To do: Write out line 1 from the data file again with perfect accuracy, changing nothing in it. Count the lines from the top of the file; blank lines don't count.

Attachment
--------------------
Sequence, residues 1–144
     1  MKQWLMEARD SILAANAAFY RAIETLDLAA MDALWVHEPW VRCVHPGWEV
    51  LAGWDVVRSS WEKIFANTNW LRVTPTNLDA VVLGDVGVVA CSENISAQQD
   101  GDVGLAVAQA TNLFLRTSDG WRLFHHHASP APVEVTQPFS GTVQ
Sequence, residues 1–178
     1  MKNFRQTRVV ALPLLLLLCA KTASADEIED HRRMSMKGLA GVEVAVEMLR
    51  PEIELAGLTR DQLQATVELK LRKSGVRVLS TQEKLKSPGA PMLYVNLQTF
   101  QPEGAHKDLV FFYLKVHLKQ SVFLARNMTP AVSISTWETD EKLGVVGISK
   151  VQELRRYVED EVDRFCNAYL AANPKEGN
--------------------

Sequence, residues 1–144